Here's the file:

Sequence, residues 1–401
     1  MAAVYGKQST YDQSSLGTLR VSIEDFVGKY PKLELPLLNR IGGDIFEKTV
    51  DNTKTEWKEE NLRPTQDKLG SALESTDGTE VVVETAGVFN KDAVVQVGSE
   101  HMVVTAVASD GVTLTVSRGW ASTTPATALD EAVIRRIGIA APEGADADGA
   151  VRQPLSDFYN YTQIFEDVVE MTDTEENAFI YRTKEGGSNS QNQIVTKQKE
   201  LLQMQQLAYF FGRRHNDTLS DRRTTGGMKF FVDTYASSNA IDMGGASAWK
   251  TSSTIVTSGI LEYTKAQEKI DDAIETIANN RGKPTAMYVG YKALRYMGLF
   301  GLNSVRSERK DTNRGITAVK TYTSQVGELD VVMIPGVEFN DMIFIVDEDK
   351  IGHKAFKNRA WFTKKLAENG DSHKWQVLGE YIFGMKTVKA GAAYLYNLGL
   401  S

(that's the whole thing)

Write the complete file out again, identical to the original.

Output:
Sequence, residues 1–401
     1  MAAVYGKQST YDQSSLGTLR VSIEDFVGKY PKLELPLLNR IGGDIFEKTV
    51  DNTKTEWKEE NLRPTQDKLG SALESTDGTE VVVETAGVFN KDAVVQVGSE
   101  HMVVTAVASD GVTLTVSRGW ASTTPATALD EAVIRRIGIA APEGADADGA
   151  VRQPLSDFYN YTQIFEDVVE MTDTEENAFI YRTKEGGSNS QNQIVTKQKE
   201  LLQMQQLAYF FGRRHNDTLS DRRTTGGMKF FVDTYASSNA IDMGGASAWK
   251  TSSTIVTSGI LEYTKAQEKI DDAIETIANN RGKPTAMYVG YKALRYMGLF
   301  GLNSVRSERK DTNRGITAVK TYTSQVGELD VVMIPGVEFN DMIFIVDEDK
   351  IGHKAFKNRA WFTKKLAENG DSHKWQVLGE YIFGMKTVKA GAAYLYNLGL
   401  S